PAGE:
Standardized assessment of personality disorders in obsessive-compulsive disorder

Massachusetts General Hospital, Boston, MA 02114.
Archives of General Psychiatry (Impact Factor: 14.48). 10/1990; 47(9):826-30. DOI: 10.1001/archpsyc.1990.01810210034005
Source: PubMed


We assessed 96 patients with obsessive-compulsive disorder for DSM-III personality disorder diagnoses with a standardized interview instrument (Structured Interview for the DSM-III Personality Disorders). Fifty patients (52%) met criteria for at least one personality disorder, with mixed, dependent, and histrionic personality disorders most frequently diagnosed. Compulsive personality disorder was diagnosed in only 6 patients (6%), 5 of whom had had onset of obsessive-compulsive symptoms before the age of 10 years, indicating that DSM-III compulsive personality disorder is not invariably a premorbid condition for the development of obsessive-compulsive disorder. Schizotypal personality disorder, at 5%, was found to be less common than in past samples, reflecting differences in either assessment methods or sampling.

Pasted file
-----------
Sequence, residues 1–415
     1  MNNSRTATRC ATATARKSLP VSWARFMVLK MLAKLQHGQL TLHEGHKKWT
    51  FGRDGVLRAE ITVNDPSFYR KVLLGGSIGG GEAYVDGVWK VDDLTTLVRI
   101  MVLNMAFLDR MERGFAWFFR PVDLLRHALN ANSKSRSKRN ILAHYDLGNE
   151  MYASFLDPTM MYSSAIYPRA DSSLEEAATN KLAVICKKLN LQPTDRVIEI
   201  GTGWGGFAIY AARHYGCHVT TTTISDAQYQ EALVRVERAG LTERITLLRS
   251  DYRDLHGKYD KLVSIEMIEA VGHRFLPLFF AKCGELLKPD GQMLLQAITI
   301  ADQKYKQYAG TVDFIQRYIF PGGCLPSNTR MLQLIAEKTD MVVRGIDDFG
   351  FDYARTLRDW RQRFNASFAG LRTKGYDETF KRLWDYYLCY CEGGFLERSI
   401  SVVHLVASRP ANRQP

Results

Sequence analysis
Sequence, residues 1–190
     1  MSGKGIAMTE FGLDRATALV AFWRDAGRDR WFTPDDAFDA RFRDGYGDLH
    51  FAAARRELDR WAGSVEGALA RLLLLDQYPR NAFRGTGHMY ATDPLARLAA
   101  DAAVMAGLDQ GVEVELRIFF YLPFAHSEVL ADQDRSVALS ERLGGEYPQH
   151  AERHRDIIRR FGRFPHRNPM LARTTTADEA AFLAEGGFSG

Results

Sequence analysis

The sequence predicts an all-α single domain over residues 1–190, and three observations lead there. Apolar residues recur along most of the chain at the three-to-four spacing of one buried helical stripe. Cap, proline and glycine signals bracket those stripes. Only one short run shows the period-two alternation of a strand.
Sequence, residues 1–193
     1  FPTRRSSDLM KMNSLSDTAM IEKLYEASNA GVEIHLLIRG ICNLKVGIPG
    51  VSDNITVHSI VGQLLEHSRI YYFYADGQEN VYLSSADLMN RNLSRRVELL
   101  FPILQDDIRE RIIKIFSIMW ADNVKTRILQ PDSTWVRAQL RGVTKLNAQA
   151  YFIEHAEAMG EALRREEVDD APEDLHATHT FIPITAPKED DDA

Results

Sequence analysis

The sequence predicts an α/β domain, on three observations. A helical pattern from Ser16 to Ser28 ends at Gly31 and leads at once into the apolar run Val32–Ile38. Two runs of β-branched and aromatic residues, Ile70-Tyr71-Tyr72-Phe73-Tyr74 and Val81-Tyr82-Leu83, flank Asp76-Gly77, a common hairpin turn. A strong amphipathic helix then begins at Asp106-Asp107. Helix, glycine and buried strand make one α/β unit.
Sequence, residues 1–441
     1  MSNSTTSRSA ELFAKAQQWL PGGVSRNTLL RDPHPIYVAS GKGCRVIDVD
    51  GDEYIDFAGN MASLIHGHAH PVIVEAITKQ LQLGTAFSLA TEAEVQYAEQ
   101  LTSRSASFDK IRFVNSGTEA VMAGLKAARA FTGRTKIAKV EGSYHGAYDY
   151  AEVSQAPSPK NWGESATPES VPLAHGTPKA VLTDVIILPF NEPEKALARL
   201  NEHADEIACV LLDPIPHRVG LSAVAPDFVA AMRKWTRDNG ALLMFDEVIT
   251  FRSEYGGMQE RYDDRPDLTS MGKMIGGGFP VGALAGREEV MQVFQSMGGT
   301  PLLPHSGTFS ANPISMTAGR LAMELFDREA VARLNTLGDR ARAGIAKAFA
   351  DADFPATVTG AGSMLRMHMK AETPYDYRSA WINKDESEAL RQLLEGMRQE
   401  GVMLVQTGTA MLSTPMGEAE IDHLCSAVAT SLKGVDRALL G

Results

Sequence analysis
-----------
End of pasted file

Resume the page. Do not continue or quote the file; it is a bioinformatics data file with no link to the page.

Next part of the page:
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    • "However, when examining the association between OCD and OCPD, our results did not confirm a specific relationship given that no significant differences were found between clinical groups. Results in this study fail to demonstrate the alleged continuum between both disorders [32, 35], contradicting recent studies that have suggested comorbidity between OCD and OCPD as a distinct subtype of OCD and describe its characteristics [36, 37]. "